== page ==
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Simultaneous OpenVPN client/server bricks the router

Discussion in 'Tomato Firmware' started by gfunkdave, May 6, 2012.

  1. gfunkdave

    gfunkdave LI Guru Member

    Just discovered that when an OpenVPN client is running on the router, setting it to run an OpenVPN server at the same time will brick the router and require a 30/30/30 reset.

    I noticed something was fishy when I was setting up the server and it wouldn't let me type in any port. The default of 1194 was blank, so I typed in 1195. I kept getting Javascript popups that I'd entered an invalid value, and that the value must be between -1 and some very large number. Rebooting the router resulted in its becoming unresponsive.

    This is on a RT-N-16 running TOastman 1.28.7498 MIPSR2-Toastman-RT K26 USB VPN.
     
  2. Goggy

    Goggy Network Guru Member

    Im almost sure you are running out of NVRAM - Space ...
    Server and Client running fine togegher.
     
  3. gfunkdave

    gfunkdave LI Guru Member

    Isn't NVRAM used to store settings? Why would that matter for running VPN?
     
  4. rs232

    rs232 Network Guru Member

    it matter because what you think it has been stored (setting) instead it's not. So the vpn process is run with less or even worst bad parameters this makes it fail.

    Keep en ye on the administration configuration page to see how many K you have left.
     
  5. gfunkdave

    gfunkdave LI Guru Member

    Ah, thanks...that makes more sense (though it still seems odd to me). I can't easily test it, since the router in question is remote and I don't want to bug my parents with resetting and reloading configuration.

    So a router with 60k of NVRAM would probably be OK then?
     
  6. rs232

    rs232 Network Guru Member

    I've been running few tomato on router with 32k for few years now. I strongly believe that 32K are more than enough for most of the users.
    One think I can advise is:
    - do erase/upgrade the router whenever you have the possibility (since you have experienced this problem)
    - never upgrade the firmware in the future without erase the nvram
    - do not install firmware with feature you're sure you'll never use e.g. nocat or bittorrent just to name few. more feature means more nvram needed.
    - any information you put into administration/scripts is stored in NVRAM. My work around to this is to save scripts on external storage such as cifs or usb. This way you can just call the external script from e.g. administration/scripts/init. e.g. if you use the adblock script it will use a huge amount of nvram as the script itself it's more or less 50 lines!

    P.S. I do administer the router of my parent too ;-) I used DDNS and have opened the administration page for the WAN on https only. It works like a charm.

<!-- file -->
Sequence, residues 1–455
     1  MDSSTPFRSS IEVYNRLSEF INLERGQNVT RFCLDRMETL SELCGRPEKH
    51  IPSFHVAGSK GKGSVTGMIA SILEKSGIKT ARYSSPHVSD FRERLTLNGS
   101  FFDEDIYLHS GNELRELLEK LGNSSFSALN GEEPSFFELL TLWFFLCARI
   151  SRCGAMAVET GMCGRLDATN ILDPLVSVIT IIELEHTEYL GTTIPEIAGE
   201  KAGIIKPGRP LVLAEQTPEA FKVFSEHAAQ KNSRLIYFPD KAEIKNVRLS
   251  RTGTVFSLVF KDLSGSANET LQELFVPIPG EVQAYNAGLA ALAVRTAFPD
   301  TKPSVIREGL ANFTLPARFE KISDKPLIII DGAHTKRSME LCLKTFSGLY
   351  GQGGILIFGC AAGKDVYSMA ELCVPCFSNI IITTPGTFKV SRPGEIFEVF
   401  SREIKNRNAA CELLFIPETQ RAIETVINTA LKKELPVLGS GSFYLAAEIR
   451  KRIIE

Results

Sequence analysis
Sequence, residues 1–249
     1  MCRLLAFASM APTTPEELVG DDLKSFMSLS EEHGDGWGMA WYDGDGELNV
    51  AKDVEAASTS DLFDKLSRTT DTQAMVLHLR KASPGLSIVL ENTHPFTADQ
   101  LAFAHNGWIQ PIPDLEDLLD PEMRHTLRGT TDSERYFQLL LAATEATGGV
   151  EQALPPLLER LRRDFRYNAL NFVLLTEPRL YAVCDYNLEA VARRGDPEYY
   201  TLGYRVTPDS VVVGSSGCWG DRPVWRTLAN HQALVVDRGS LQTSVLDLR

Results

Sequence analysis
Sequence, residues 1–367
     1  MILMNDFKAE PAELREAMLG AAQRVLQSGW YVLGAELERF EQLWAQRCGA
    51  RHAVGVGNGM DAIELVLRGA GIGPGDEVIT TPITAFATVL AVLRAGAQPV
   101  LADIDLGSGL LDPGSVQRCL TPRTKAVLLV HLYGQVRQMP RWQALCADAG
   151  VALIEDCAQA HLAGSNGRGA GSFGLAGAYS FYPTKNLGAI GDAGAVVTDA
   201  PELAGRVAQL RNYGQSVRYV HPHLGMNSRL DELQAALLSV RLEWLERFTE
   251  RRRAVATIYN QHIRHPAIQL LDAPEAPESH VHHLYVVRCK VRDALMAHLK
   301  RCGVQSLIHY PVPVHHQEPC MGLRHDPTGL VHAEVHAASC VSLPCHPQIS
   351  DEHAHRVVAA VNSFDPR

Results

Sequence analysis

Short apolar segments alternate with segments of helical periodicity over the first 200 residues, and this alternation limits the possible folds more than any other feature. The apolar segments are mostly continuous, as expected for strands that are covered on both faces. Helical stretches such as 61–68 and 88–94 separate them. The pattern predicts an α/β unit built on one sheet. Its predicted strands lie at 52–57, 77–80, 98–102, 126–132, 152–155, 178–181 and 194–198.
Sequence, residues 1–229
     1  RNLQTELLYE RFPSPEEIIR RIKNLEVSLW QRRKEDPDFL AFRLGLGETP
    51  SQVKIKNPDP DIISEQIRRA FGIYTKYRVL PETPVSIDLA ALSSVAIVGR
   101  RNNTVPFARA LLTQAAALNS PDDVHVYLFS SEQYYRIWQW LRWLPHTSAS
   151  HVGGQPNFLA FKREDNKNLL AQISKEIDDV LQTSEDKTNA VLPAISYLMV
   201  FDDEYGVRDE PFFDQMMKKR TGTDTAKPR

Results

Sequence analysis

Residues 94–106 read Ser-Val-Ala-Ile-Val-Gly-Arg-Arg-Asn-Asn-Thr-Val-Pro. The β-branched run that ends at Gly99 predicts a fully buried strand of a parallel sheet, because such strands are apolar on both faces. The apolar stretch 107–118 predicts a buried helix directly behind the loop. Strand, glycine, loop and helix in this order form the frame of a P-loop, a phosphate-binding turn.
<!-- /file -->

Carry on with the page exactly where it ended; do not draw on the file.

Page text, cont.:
HTH
    rs232
     
  7. gfunkdave

    gfunkdave LI Guru Member

    Thanks for the help. I will try erasing NVRAM some day when I'm at their house and have nothing else to do. :)

    I keep remote HTTP/S turned off and instead use SSH with key-based authentication, and password auth disabled. Perhaps I'm paranoid... :)
     
  8. occamsrazor

    occamsrazor Network Guru Member

    I had similar problem when I had an Asus WL500GPv2 set up with two VPN servers and one VPN client. Only one was ever running at a time, but the multiple certificates/keys for each take up a lot of space in NVRAM, to the point where it was maxing out the NVRAM and causing major problems with settings getting overwritten and generally messed up.
    Switching to an E3000 with 60K NVRAM fixed all that with lots of NVRAM room left over. As "rs232" said above if you don't want to switch routers, you can move the certificate files away from the VPN setup page (i.e. being stored in NVRAM) to actual files in eg JFFS or USB drive or CIFS share, that get read each startup. I never did it myself but believe there is a thread on the forum somewhere that explains how to do it.
     
  9. Monk E. Boy

    Monk E. Boy Network Guru Member

    I'd stay away from JFFS if possible, simply because the internal flash has a write limit that will come back and bite you eventually. Moving things to a USB drive allows you to easily change it out in the event of failure, and with some flash drives, they don't even stick out.

    I've had one router in a public space for months and despite everyone and their mother shoving it around to peer at it, nobody has removed the USB drive. It looks like part of the router, unless you're really observant and notice the 2nd USB port it mostly blocks. If someone steals it or the router, every student will lose wireless internet access, and so far nobody's been enough of a dick to steal the $35 router or the $15 USB drive on it.
     
  10. gfunkdave

    gfunkdave LI Guru Member

    Interesting ideas, thanks. I wound up just creating a three-way VPN. So my connection from my house to my parents' goes through my dad's office. Latency is still only 80 ms, and so it's fast enough for my purposes.
     
  11. rs232

    rs232 Network Guru Member

    I see where you're coming from. I think this is quite difficult and unreliable to achieve with the current vpn implementation of tomato. The farther I went with this was to have the same route (same mask) with different metrics. The big issue is when one of the tunnel goes down tomato thinks it's still up.
    Can I suggest you spend time to make a one way VPN reliable instead? If you solve the NVRAM issue trust me it is very stable and reconnects if automatically if for whatever reason goes down.
     

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